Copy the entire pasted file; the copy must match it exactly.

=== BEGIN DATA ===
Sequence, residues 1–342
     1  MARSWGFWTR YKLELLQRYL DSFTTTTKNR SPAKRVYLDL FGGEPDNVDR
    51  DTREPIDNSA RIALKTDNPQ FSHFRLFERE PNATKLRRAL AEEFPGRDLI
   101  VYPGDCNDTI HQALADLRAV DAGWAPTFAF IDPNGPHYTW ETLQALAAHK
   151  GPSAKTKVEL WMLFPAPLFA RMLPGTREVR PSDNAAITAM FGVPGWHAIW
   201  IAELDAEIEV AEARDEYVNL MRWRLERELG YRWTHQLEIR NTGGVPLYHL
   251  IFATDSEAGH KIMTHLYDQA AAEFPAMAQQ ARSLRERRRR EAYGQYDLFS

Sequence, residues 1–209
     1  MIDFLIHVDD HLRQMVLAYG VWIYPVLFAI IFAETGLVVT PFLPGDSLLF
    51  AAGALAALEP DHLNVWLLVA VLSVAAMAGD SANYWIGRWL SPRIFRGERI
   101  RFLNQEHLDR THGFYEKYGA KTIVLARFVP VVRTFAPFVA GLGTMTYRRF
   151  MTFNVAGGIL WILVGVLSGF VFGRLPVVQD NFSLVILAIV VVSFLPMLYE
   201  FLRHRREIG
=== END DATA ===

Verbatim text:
Sequence, residues 1–342
     1  MARSWGFWTR YKLELLQRYL DSFTTTTKNR SPAKRVYLDL FGGEPDNVDR
    51  DTREPIDNSA RIALKTDNPQ FSHFRLFERE PNATKLRRAL AEEFPGRDLI
   101  VYPGDCNDTI HQALADLRAV DAGWAPTFAF IDPNGPHYTW ETLQALAAHK
   151  GPSAKTKVEL WMLFPAPLFA RMLPGTREVR PSDNAAITAM FGVPGWHAIW
   201  IAELDAEIEV AEARDEYVNL MRWRLERELG YRWTHQLEIR NTGGVPLYHL
   251  IFATDSEAGH KIMTHLYDQA AAEFPAMAQQ ARSLRERRRR EAYGQYDLFS

Sequence, residues 1–209
     1  MIDFLIHVDD HLRQMVLAYG VWIYPVLFAI IFAETGLVVT PFLPGDSLLF
    51  AAGALAALEP DHLNVWLLVA VLSVAAMAGD SANYWIGRWL SPRIFRGERI
   101  RFLNQEHLDR THGFYEKYGA KTIVLARFVP VVRTFAPFVA GLGTMTYRRF
   151  MTFNVAGGIL WILVGVLSGF VFGRLPVVQD NFSLVILAIV VVSFLPMLYE
   201  FLRHRREIG